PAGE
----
Succession: Queering the Environment – An Introduction

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In ecology, succession is a series of progressive changes made in a community over time. These changes often lead to higher diversity in an environment.

Succession: Queering the Environment is an eight-part NiCHE series that centers queer people, non-humans, systems, and ideas and explores their impact within the fields of environmental history, environmental humanities, and queer ecology.

“Being in Nature.” A lesbian couple share a moment. South Africa, Cape Town, 2015. Zeepix1, Wikimedia Commons.

The seed for this series was planted last June, when Tina Adcock and I realized that the only queer content on our site was Catriona Sandilands’ 2016 piece, ““Stumps”: Jane Rule on Galiano,” that was part of our Gender and Environmental History series. I viewed this gap in representation on NiCHE as an opportunity. Succession is the culmination of a year of thought and preparation, and I’m thrilled to watch this series unfold on NiCHE over the next month.

Galen Searching. By Transguyjay, Mormon Island, California, 2005, Flickr Commons

Though Succession features essays on queer environmental humanities, environmental history, and environmental studies, none of these fields can fully be separated from and are all indebted to queer ecology and queer ecological thought. This series partially marks the tenth anniversary of Catriona Sandilands and Bruce Erickson’s seminal collection Queer Ecologies: Sex, Nature, Politics, Desire (2010). In the series conclusion, Nicole Seymour will tie the series’ posts to this anniversary. In order to provide a companion resource for this series, I created a tweet thread that pulls key ideas and quotes from Queer Ecologies:

“The task of a queer ecology is to probe the intersections of sex and nature with an eye to developing a sexual politics that more clearly includes considerations of the natural world and its biosocial constitution, and an environmental politics that demonstrates an understanding of the ways in which sexual relations organize and influence both the material world of nature and our perceptions, experiences, and constitutions of that world.” – Sandilands and Erickson

“Gay Penguins.” Art project by Eden–meant to represent the famous same-sex penguin couple. Wikimedia Commons.

Following in the footsteps of queer studies and queer ecology, this series considers queer as both a noun and verb. This series considers people on the LGBTQIA2+ spectrum and their relationship to the natural world. What unique relationships do queer people have with the environment? In a society in which oppressors have used the label “unnatural” to undermine LGBTQIA2+ rights, how do we celebrate queer connections to nature while critically assessing the term ‘natural?’ How do we help to heal generations of queer trauma by honoring queer peoples’ relationship to the environment? What happens when we unearth the rurality of queer experiences?

This series also asks what happens when we queer environmental ideas and systems. To queer the environment is to question the heteronormative systems that serve as a backdrop of scientific and environmental research, writing, and advocacy. How does our assumption of heterosexuality affect the way we view and label non-human animals and plants? How does it affect the way that we conduct and communicate our research? What opportunities lie in queering our environmentalism?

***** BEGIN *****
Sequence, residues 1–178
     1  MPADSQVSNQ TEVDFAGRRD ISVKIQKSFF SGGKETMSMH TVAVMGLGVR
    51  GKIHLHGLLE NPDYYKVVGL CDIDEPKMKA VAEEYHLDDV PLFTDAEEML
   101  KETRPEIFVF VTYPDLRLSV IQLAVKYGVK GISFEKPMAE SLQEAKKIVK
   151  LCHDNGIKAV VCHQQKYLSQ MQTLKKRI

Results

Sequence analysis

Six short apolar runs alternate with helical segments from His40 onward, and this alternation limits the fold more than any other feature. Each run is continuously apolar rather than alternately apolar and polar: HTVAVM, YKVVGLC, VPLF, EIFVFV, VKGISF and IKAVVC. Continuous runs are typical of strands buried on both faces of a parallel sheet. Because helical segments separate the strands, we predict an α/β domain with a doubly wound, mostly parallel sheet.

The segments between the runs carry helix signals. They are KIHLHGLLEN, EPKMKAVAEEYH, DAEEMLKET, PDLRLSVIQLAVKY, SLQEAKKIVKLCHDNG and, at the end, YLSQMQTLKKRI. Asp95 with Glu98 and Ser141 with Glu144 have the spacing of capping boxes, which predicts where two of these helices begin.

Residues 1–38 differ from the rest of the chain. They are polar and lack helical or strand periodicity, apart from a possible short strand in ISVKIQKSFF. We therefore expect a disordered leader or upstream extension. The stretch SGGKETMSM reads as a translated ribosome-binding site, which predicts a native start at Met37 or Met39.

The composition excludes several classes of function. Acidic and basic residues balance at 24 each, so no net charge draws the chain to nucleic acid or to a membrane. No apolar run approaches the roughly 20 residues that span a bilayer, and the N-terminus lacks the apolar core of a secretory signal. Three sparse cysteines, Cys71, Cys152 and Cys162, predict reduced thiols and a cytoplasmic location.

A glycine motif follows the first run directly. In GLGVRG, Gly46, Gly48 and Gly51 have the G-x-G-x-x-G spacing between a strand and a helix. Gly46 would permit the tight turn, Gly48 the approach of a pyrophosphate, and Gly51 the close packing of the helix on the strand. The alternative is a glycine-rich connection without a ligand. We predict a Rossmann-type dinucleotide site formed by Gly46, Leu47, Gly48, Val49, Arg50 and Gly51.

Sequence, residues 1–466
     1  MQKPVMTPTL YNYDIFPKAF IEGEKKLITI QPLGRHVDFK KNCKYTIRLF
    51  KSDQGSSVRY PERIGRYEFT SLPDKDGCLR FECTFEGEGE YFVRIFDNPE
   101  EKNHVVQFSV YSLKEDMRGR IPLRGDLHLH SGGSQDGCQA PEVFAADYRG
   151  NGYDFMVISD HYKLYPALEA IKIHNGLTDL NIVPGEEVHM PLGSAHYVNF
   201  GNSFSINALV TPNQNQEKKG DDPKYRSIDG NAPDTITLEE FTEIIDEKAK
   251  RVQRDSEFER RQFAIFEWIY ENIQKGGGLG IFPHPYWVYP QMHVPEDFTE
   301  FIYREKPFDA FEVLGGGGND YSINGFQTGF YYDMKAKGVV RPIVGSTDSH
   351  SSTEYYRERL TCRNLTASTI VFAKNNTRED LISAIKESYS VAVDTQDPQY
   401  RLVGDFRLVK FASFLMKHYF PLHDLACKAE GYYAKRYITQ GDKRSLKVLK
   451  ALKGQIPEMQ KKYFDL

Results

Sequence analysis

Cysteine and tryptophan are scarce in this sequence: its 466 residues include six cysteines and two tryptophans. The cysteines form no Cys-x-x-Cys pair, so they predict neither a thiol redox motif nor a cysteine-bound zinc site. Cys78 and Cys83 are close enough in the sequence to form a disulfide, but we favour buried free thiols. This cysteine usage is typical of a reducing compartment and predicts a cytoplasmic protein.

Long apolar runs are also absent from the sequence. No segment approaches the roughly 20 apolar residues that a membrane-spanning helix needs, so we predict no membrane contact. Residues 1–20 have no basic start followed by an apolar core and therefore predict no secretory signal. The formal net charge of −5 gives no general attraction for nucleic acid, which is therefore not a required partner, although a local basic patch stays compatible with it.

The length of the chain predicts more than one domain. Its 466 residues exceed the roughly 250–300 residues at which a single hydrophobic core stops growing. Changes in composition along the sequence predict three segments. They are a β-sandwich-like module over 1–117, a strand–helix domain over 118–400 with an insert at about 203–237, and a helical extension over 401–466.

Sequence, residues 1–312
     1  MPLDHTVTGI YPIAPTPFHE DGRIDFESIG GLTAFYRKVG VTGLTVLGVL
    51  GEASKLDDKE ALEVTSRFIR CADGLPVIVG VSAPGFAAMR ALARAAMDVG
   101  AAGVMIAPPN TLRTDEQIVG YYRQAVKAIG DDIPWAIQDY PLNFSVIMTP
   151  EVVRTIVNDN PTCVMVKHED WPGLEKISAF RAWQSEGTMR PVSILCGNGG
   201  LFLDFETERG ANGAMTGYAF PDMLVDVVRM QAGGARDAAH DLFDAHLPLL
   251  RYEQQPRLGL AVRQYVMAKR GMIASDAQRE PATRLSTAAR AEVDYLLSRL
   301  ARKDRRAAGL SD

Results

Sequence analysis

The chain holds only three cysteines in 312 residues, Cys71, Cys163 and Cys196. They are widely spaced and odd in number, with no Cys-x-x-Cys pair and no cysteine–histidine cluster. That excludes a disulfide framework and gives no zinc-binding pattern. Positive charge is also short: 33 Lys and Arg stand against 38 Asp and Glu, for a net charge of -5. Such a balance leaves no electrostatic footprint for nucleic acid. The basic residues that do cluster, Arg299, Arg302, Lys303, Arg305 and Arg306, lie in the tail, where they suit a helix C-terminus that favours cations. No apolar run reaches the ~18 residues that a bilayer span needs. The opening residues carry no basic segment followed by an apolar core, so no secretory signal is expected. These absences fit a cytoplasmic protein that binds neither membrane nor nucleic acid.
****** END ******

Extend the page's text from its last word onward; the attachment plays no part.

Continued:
“Queer, then, is both a noun and a verb…ours is an ecology that may begin in the experiences and perceptions of non-heterosexual individuals and communities, but is even more importantly one that calls into question heteronormativity itself as part of its advocacy around issues of nature and environment – and vice versa.” – Sandilands and Erickson

Ptilotus obovatus bisexual flower, taken in the Pilbara of Western Australia , 2015, Timothy Hammer, Wikimedia Commons.

Succession will be published throughout the month of June in celebration of Pride Month. The essays in Succession will explore a wide variety of queer environmental topics from agriculture and rurality to lab frogs to ecofeminism. Although this series will neatly wrap up at the end of this month, we welcome new contributors, posts, and projects throughout the year. I am grateful for this opportunity to spotlight queer environmental scholarship. Happy Pride!

Succession: Queering the Environment Schedule:

Kampout Fresno 2011, Musical Chairs, David Prasad, Flickr Commons.

Feature Image: Kampout Fresno 2011, Madera, California, David Prasad, Flickr Commons.

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is an environmental historian of Canada and the United States, editor, and digital communications strategist. She earned her PhD in History from the University of Saskatchewan in 2019. She is an executive member, editor-in-chief, and social media editor for the Network in Canadian History and Environment (NiCHE). She is also a working board member of the Saskatchewan History and Folklore Society and Girls Rock Saskatoon. A passionate social justice advocate, she focuses on developing digital techniques and communications that bridge the divide between academia and the general public in order to democratize knowledge access. You can find out more about her and her freelance services at

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